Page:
Try and put as much heavy and non-critical items as possible in your checked bag. This includes batteries, battery chargers, cables, tripods, etc. Just carry in the camera bag the things that you absolutely need to have, and which are delicate and / or expensive.
When the bag arrived I was very impressed with its overall fit and finish. Materials are first rate, as is construction quality. The bag is also covered by a no-nonsense lifetime warranty. Any failure due to materials or construction and the bag will be fixed at no charge.
The interior is comparable to most current bags, with a surfeit of removable solid though padded dividers which velcro into position. The interior can therefore be configured a number of different ways, and large lenses up to and including a 400mm f/2.8 of 500mm f/4 can be managed. There is also an optional set of low dividers available that allows a laptop to be carried inside the bag. This arrived too late for testing, but I likely wouldn't have used it this trip as it reduces the thickness of lenses that can be carried. UK-based photographers may find this to be just the thing due to the 'one bag" restriction, though a laptop can also be carried in the bag's external stretch pocket – though not as securely.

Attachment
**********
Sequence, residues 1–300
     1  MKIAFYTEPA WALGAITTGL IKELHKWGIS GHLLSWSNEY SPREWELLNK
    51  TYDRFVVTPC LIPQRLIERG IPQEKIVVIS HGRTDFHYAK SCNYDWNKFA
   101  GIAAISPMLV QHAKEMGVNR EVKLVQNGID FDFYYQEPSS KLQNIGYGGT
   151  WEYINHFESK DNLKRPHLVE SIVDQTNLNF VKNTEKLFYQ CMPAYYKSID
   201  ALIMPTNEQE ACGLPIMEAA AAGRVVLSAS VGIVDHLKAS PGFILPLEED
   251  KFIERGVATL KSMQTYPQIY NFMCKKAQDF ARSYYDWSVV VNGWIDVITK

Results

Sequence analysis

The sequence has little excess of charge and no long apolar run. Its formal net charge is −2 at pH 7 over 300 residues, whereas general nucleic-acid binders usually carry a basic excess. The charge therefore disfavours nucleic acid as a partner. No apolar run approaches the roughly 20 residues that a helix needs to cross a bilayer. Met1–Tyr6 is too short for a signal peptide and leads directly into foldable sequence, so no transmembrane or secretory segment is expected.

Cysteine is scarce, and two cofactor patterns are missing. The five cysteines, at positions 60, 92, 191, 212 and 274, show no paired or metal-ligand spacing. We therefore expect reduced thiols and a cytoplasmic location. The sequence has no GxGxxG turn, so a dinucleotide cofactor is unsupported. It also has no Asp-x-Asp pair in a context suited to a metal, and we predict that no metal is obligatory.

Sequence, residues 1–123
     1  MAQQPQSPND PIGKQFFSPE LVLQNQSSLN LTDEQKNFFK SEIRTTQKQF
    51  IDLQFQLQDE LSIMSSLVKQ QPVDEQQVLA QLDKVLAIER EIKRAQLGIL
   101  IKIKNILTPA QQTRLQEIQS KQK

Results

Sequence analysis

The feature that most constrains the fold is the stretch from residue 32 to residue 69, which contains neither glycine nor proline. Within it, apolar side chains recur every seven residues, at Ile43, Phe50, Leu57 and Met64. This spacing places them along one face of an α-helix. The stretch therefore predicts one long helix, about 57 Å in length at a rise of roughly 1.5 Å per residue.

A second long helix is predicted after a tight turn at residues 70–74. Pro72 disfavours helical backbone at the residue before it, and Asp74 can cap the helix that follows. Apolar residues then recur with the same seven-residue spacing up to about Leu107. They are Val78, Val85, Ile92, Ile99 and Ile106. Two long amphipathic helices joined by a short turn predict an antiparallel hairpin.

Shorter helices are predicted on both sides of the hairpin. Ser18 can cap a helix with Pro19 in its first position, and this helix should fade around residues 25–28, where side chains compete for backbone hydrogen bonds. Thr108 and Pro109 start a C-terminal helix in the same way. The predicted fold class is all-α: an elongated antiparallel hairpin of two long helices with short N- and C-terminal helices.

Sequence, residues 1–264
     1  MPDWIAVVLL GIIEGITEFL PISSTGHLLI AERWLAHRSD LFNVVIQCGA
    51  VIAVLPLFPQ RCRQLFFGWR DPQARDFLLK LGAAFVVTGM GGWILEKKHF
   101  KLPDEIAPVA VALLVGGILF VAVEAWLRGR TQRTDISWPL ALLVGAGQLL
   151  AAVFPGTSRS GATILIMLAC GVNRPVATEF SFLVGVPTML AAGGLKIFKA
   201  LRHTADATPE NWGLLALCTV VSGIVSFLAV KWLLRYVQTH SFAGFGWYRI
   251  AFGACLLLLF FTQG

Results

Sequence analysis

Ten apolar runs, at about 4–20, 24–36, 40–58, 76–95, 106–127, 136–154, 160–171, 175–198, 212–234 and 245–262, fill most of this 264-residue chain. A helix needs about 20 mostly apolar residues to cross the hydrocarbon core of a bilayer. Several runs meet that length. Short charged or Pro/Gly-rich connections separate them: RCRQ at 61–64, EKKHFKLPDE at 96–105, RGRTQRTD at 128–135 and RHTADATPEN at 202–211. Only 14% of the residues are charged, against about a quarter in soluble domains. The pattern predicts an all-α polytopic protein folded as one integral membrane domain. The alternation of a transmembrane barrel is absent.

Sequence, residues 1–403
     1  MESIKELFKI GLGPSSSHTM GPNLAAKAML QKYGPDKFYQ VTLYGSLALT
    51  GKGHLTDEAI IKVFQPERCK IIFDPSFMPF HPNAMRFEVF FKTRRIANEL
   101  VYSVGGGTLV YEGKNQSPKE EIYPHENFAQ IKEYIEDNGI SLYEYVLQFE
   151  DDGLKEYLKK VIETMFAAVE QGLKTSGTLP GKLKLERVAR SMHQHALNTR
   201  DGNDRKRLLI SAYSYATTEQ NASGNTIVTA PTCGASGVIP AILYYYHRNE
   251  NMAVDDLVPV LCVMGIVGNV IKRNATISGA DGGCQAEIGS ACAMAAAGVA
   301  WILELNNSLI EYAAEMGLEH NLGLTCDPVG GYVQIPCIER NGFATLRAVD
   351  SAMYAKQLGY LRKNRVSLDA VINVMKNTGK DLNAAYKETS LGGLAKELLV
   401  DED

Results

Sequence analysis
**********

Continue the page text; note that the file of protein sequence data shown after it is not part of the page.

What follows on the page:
On my trip to Antarctica I filled the bag up with a Hasselblad H2 body with Phase One P45 attached, three Hasselblad lenses, a 35mm, 55-110 zoom, 210mm, and a 1.7X. I also included a Canon 1Ds MKII and Canon 24-105mm, There was still room, so I placed on board two portable hard drives and various small items such as extra batteries and cards.